Wednesday, September 26, 2007

Roger Clemens, call your office

Must be nice to get $20 mil to pitch on 10 day rest.

Tuesday, September 25, 2007

Travolta Haiku

Travolta, compare
His springtime with his autumn.
Thin dancer, now fat.

Monday, September 24, 2007

To Glenn Reynolds

In the spirit of the pre-mortem combined with an alternate history, I wonder if you would comment on what the world and the law would look like if the Supreme Court sided with the numerous amicus briefs in Parker v. District of Columbia and decided that the right to keep and bear arms was literally only found in the context of a well regulated militia? In other words, if the Supreme Court comes back and says that absent explicit regulations promulgated by congress, there is no inalienable individual right to bear arms, but instead there is only a collective right; what comes next? Would a Democrat congress fall all over itself to draft militia regulations that essentially preserved the status quo? Would western and southern states rush to ensure gun rights? Would northern cities move to confiscate guns? And, hypothetically, if the Supreme Court comes in decisively on the other side of a professor’s lifetime of legal scholarship, would that repudiate the professor’s work? Or do things not work that way?

Just curious.

And just so you know where I am coming from, I have a Bersa Thunder 45 Ultra Compact and I am a 6 time pistol expert in the Marine Corps. I firmly believe that there should be an explicit right to keep and bear arms, independent of a well regulated militia. I think the drafters of the constitution let us down in not being more explicit in the Bill of Rights. The Founder’s unwarranted verbosity in the Second Amendment has let lawyers and legislators perpetrate mischief on us ever since. But then, I guess unwarranted verbosity and mischief is pretty much the stock in trade for legislators and lawyers, but that is a separate issue.

Front sight press.

Sunday, September 16, 2007

"My heart abounds in love to thee"

My heart hurts for Minneapolis. First, the bridge collapse and then the young father beaten to death while riding his bike. I know people who live very near to both events, and I am extremely worried about them. I have been praying in earnest that they be kept safe.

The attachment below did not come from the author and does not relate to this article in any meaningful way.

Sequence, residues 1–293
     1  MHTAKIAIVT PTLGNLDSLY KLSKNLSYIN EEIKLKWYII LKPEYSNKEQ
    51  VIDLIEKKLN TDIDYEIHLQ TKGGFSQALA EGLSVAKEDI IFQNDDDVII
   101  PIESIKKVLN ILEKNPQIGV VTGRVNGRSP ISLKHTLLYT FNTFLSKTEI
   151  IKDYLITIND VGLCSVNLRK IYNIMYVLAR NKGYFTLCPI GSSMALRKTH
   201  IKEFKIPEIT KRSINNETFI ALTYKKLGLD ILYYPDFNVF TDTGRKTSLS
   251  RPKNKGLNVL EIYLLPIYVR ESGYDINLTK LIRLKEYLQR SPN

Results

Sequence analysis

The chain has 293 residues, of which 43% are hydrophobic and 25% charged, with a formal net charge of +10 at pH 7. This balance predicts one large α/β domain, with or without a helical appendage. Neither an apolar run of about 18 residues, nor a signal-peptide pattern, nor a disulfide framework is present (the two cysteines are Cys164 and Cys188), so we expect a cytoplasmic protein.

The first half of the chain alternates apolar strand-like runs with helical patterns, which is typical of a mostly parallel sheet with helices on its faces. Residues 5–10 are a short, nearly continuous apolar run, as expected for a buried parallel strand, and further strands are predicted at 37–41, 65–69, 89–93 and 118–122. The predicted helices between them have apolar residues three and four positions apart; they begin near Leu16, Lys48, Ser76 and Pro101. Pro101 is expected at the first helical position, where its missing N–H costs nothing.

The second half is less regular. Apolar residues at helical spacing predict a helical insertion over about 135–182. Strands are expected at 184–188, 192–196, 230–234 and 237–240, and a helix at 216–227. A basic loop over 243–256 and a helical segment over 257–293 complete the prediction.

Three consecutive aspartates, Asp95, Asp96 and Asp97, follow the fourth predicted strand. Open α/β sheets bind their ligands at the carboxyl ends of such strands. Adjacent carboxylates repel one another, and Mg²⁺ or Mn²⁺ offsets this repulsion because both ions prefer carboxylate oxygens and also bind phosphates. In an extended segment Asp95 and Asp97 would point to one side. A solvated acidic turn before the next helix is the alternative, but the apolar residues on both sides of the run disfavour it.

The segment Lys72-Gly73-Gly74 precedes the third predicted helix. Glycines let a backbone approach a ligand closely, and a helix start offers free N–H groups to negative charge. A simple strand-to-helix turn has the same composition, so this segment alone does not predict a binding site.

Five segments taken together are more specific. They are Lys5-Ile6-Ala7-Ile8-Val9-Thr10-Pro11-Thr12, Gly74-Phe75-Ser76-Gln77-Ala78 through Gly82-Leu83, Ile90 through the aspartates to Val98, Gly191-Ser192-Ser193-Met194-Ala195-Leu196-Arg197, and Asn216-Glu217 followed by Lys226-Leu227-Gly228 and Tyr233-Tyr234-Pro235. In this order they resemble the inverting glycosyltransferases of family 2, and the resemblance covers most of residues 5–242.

I have been working on a post based on the idea that everything that happens in life is a blessing, based on Paul’s idea that “we know that all things work together for good to them that love God, to them who are the called according to his purpose.” If we know that all things work together for good, then we know that all things, even atrocities, must be blessings, even if we can’t see that while we are in the midst of a tragedy. The events in Minneapolis certainly challenge that idea, but I am going to cling faithfully to the belief that there are blessings there, even if I am challenged now to find them.

“Feel the reach of my love in thy heart, and be thou broken and tendered in the sense thereof, even of the heart-breaking love of God in which my heart abounds in love to thee with breathings to God that we may be kept living to him, through all our various exercises, that so we may daily learn with the blessed and wise apostle, in all conditions to be content, and that patience may have its perfect work in us.” John Banks, 4 Apr 1668

Johnny Dollar Explication

I was listening to “Yours Truly, Johnny Dollar,” a radio drama from the 50’s on XM last night. Johnny Dollar is an insurance investigator, like the Fred MacMurray character in “Double Indemnity” only, Johnny Dollar is straight up, see? The plot of this episode involved Johnny investigating the murder of a farm wife in a small town in Vermont. She had no enemies and she was a invalid, but someone had shot her through the window of her home and killed her. The murder had gone unsolved for a month, and the insurance company was about to pay out until someone sent an anonymous letter saying that the husband was to blame. So, the insurance company sent Johnny Dollar to investigate